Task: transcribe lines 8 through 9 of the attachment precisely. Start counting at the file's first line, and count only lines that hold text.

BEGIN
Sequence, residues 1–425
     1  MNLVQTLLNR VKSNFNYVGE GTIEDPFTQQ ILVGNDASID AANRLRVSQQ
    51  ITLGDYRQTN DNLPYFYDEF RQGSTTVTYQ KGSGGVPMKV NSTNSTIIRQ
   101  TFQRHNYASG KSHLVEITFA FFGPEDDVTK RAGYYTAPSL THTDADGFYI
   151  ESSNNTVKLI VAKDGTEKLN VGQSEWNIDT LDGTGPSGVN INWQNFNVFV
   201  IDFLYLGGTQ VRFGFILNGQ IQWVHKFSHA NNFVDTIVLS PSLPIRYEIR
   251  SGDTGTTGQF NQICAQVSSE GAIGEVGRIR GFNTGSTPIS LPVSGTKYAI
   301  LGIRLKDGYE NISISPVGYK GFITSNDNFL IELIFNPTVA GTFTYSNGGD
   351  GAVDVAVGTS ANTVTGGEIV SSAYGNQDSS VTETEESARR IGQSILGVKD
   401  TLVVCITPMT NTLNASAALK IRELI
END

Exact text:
   301  LGIRLKDGYE NISISPVGYK GFITSNDNFL IELIFNPTVA GTFTYSNGGD
   351  GAVDVAVGTS ANTVTGGEIV SSAYGNQDSS VTETEESARR IGQSILGVKD